All the Pretty Creatures

Jens Mortensen

The fairly divine story behind Van Cleef & Arpels's new high-jewelry collection

Zoomorphic baubles aren’t exactly new. Cartier’s panthers, Bulgari’s serpents, David Webb’s frogs, and JAR’s butterflies live on countless wrists, necks, and lapels. But an entire animal kingdom forged in precious gems and metals? That’s a feat of, well, biblical proportions. Van Cleef & Arpels’s 120-piece Arche de Noé collection brings to life some 60 animal species—specifically, those depicted in The Entry of the Animals into Noah’s Ark, a painting by Jan Brueghel the Elder that Van Cleef CEO and creative director Nicolas Bos viewed at the Getty Center in Los Angeles in 2009. Unto us, a high-jewelry collection was born.

“Noah’s ark is a universal story,” Bos says, “but it struck me as a beautiful painting with a lot of animals in different movements.” Bos began researching wooden toys that depicted Noah’s ark, including 19th-century German figures and sculptures by the contemporary Italian artist Ugo Nespolo. In 2013, he and his design team started working on the first pieces. “We spent quite a bit of time in the studio, trying to redefine the expression and style of the animals,” Bos says. “Not too realistic, not too cartoonish, very benevolent, very cute, but also something that could be an expression of high jewelry. The pieces had to have some majesty to them.” Bos also looked to the maison’s previous animal designs, many from the ’60s and ’70s, incorporating some of the original hard-stone-carving techniques in semiprecious materials like jasper, lapis lazuli, and malachite—an unlikely approach to high jewelry, which is usually expressed in precious gems such as rubies, emeralds, and sapphires.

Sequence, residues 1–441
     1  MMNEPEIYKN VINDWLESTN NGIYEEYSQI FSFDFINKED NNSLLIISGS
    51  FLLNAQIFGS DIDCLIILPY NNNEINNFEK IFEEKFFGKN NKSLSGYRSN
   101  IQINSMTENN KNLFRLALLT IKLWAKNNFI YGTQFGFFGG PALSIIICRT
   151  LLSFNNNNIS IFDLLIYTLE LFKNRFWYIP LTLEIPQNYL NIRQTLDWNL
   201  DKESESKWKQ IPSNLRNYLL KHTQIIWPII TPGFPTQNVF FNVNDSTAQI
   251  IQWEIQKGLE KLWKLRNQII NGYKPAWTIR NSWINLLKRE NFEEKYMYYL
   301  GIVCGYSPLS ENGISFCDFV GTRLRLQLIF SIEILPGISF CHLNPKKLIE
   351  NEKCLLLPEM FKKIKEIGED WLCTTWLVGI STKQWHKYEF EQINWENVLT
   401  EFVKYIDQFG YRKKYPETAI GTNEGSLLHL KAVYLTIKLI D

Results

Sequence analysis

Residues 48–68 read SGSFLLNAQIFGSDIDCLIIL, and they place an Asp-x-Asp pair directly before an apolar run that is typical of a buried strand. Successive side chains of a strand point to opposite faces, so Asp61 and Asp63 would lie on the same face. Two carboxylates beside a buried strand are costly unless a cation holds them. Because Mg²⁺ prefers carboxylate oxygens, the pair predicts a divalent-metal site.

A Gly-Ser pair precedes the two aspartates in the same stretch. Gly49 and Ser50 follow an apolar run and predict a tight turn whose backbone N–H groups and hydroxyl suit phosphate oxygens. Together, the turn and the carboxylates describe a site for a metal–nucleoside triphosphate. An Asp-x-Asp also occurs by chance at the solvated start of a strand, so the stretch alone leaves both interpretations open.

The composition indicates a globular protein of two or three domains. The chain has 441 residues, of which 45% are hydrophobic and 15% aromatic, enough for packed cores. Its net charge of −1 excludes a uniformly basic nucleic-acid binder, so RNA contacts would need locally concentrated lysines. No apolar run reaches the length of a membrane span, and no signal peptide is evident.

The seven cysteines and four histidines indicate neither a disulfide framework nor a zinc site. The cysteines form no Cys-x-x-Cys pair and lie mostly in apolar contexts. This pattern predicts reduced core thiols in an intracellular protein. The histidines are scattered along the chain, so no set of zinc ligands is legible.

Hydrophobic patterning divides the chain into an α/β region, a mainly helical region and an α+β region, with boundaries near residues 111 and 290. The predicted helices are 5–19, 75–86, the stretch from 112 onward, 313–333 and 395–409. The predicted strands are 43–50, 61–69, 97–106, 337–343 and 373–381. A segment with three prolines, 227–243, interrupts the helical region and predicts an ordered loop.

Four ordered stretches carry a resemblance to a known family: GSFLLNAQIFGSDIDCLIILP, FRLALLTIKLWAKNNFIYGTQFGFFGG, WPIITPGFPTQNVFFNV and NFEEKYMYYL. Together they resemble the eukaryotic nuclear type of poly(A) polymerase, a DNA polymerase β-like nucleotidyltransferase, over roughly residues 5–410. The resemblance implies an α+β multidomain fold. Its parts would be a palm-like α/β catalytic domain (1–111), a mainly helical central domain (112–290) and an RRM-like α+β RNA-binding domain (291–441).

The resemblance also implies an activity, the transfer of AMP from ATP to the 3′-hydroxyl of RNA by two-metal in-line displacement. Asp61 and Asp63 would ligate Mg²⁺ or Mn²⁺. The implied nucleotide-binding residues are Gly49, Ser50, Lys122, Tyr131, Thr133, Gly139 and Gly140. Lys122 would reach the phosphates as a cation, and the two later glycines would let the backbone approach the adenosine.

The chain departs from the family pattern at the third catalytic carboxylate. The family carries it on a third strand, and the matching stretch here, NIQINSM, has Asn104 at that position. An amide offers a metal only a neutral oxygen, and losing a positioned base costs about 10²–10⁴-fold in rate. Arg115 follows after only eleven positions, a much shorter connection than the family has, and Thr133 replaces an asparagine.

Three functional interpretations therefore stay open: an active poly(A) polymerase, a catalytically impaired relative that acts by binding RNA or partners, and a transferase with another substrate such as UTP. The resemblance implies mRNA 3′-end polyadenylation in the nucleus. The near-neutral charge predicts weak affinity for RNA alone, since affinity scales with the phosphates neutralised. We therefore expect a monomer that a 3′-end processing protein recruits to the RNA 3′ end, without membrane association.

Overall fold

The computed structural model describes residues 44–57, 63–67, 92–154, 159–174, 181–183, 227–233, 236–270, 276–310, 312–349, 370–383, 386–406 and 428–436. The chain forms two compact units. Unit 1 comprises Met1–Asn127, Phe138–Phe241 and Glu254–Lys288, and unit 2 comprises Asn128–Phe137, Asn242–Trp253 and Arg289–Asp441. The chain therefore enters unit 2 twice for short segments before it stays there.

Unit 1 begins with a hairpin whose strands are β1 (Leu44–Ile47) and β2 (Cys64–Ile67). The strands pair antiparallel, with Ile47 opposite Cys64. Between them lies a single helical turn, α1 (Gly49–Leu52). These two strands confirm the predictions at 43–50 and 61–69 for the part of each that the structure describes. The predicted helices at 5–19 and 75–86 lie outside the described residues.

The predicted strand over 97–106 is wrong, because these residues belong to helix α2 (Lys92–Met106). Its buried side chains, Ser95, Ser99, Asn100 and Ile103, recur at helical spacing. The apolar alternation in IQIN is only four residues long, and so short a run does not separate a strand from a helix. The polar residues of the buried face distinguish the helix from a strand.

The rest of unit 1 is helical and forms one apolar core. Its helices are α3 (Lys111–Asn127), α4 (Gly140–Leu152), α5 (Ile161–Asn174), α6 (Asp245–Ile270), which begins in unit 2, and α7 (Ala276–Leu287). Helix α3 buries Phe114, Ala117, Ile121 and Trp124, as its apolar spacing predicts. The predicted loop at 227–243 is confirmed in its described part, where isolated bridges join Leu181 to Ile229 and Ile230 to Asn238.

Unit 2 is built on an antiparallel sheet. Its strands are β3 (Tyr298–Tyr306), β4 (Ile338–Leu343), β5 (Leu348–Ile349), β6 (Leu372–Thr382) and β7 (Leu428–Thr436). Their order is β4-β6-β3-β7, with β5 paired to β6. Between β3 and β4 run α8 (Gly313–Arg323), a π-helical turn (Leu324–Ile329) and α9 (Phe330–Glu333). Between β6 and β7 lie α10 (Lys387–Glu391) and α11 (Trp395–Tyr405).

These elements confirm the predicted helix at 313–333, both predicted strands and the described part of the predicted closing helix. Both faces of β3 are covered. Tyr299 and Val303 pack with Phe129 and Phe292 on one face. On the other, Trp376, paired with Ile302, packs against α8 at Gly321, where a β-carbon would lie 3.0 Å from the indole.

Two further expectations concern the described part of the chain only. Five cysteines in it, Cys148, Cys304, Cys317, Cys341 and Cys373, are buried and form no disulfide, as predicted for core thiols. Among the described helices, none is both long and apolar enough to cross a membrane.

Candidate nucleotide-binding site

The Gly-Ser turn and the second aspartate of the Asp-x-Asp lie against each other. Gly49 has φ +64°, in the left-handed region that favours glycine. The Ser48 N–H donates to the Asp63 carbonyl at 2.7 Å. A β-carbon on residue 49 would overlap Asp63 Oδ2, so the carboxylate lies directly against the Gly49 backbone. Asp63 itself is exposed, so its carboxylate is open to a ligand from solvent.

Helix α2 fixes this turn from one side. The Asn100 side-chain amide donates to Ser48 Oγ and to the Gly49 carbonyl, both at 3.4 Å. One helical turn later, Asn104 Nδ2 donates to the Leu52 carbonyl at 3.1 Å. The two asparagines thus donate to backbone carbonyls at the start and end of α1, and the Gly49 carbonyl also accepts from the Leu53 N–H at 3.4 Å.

Unlike previous such collections, Arche de Noé is made up solely of brooches in order to keep a toylike spirit and consistent scale, meaning that none of the ornate necklaces or intricate cuffs typical of Van Cleef ’s haute pieces are included. And just as the story goes, each animal comes as a couple (with the exception of a few fantastical, decidedly nonbiblical creatures), including pairs of zebras, one done in malachite, the other in lapis lazuli; peacocks sitting on a turquoise cabochon; and black-onyx and diamond rabbits with sapphire-and-emerald eyes—Bos’s favorite. The couplings might also justify Arche de Noé’s starting price: $120,000 per pair.

To debut the collection, Van Cleef is opting out of this year’s Biennale des Antiquaires, Paris’s jewelry mecca. Instead, it is staging a public exhibition this month in the Place Vendôme, working with theater director and designer Robert Wilson to create a Noah’s ark set in which the pieces will be displayed. Van Cleef will also hold lectures at its school in Paris, exploring themes like hard-stone carving, animal history—and, yes, biblical jewelry.